Why Market Public Schools?
Public schools have begun to recognize the importance of branding, marketing and self-promotion. They’ve always competed, albeit to a very limited degree, with the limited classroom capacities of private schools. Private schools, however, were never a enormous threat due to the tuition and fees required versus the financial stresses on low- to middle-income families; most children simply attended the closest public school to their home.
The age of open enrollment, pubic charter schools, magnet schools, tax revolts, home schooling options and funds based upon student performance has changed the situation entirely. Public schools now not only compete against private schools, they also compete against each other for students, reputation, athletic prowess, state and federal funding and community acceptance.
Why Is Public Relations (PR) Important to a Public School?
Edward Bernays, a pioneer in the fields of propaganda and what is now known as “branding” recognized the need for these services in the latter half of the 20th century. Also known as “the father of public relations,” Bernays once said, “Today’s public school must have the support of parents, civic and government leaders and the business community. Educational communications is not, as some believe, a one-way street of dissemination of facts and opinions about public education.” Rather, he continued, “it functions as a two-way street, interpreting the public to the school system as a basis for its actions, as well as interpreting the public education system to the public.”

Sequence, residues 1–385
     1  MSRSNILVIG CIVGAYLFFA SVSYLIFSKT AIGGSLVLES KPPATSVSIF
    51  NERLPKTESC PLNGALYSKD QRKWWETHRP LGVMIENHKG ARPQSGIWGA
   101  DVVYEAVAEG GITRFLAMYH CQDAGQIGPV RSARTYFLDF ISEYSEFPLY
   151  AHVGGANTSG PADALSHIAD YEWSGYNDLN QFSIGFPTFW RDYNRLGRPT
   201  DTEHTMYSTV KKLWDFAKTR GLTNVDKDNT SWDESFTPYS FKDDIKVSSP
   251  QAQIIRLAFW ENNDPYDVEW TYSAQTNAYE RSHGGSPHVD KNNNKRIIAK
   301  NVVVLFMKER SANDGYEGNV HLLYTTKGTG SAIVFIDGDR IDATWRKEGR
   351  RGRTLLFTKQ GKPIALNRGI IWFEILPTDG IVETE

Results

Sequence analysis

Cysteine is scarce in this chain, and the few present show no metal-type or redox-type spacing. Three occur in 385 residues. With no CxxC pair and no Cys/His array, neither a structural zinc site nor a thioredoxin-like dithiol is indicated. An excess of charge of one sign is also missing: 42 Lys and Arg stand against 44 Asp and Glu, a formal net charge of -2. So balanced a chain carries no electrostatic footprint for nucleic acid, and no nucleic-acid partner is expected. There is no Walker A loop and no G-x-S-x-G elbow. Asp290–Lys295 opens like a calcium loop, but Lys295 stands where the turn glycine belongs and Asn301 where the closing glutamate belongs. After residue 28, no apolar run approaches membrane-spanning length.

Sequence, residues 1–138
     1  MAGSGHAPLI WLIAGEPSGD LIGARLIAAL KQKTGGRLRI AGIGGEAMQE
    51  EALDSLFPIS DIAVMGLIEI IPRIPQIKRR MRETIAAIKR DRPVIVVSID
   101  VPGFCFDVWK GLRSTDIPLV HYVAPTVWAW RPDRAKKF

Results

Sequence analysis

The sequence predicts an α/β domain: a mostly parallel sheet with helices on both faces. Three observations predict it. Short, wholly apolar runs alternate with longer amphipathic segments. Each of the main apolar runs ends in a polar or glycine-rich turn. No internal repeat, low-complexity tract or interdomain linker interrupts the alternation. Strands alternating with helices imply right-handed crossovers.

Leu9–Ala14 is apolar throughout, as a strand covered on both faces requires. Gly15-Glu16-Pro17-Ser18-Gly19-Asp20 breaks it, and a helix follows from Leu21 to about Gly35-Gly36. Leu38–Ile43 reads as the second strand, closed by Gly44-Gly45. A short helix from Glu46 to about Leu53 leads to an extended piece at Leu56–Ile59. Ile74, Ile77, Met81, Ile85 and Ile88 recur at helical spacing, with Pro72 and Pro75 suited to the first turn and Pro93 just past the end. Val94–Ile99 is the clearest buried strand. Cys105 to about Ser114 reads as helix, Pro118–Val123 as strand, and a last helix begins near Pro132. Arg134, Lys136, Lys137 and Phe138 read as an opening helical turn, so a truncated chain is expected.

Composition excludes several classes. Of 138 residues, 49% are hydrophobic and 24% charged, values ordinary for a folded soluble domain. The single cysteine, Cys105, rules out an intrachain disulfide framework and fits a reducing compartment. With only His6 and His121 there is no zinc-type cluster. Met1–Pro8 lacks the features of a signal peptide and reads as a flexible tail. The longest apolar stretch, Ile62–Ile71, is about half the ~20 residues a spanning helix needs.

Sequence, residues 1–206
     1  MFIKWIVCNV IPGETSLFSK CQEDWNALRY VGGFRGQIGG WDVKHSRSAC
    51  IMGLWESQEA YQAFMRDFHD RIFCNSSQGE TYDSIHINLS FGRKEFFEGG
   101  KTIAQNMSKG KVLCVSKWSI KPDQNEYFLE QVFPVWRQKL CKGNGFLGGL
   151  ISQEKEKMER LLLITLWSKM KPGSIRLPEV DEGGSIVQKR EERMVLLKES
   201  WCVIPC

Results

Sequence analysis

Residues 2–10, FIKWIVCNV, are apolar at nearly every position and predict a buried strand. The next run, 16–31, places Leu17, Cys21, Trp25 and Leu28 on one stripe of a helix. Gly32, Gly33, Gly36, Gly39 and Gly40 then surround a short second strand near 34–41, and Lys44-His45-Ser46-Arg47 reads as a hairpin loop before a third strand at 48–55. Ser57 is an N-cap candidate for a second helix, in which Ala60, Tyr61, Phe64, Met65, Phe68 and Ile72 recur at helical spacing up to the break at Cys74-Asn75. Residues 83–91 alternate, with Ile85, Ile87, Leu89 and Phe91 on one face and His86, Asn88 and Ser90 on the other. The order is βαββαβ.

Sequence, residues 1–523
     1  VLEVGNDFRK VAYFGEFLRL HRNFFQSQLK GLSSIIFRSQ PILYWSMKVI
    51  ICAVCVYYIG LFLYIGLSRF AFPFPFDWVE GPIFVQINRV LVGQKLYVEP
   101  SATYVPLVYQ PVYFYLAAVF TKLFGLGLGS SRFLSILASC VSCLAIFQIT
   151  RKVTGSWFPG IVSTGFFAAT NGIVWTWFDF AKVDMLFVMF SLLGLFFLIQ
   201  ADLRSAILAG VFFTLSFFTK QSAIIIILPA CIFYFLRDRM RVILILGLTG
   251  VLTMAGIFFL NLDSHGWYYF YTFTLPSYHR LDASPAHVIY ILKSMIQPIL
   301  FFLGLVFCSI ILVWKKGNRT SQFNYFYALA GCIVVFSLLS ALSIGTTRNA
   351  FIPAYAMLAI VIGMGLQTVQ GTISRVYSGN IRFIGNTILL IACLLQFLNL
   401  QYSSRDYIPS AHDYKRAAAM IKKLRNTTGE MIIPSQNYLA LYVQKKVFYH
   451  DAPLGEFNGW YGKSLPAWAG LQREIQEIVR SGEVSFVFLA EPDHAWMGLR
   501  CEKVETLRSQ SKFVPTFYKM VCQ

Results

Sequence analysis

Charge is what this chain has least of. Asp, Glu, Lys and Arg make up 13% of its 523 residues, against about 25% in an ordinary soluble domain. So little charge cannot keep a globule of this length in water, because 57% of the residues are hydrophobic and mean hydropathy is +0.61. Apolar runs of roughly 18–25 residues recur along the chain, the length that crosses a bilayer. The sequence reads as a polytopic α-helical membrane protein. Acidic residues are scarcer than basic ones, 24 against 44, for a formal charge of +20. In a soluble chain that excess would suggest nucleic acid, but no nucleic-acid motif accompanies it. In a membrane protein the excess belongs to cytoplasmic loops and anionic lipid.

Examples of School Public Relations Programs
Depending upon the school’s location, reputation and degree of immediate threat from other competitors, PR campaigns have varied. In fact, most are developed at the school’s district level, owing to regulations that still require school superintendent approval of campaigns and active discouragement for teachers or principals to speak to the media unless the situation is prearranged.
Spring Branch Independent School District
The Houston, Texas-based Spring Branch Independent School District takes Bernay’s philosophy to heart. In a long and detailed document intended for its school principals, “Marketing Your School As a School of Choice,” district official emphasize that “[M]arketing is an essential part of our school district’s communication plan, as it is in any successful business. If it is not, we could very well be out of business.”
Spring Branch instructs principals on how to change the culture of their school and the education they provide from one of a forced compliance to that of a customer-based program performed well and publically advertised as such. After specifically identifying the many public audiences with which the school interacts, principals are advised to market themselves to these subpopulations in order to build community rapport. While most marketing is that of print and radio spots, schools are encouraged to hold events to which the public is invited.
Public Schools in Harlem, New York City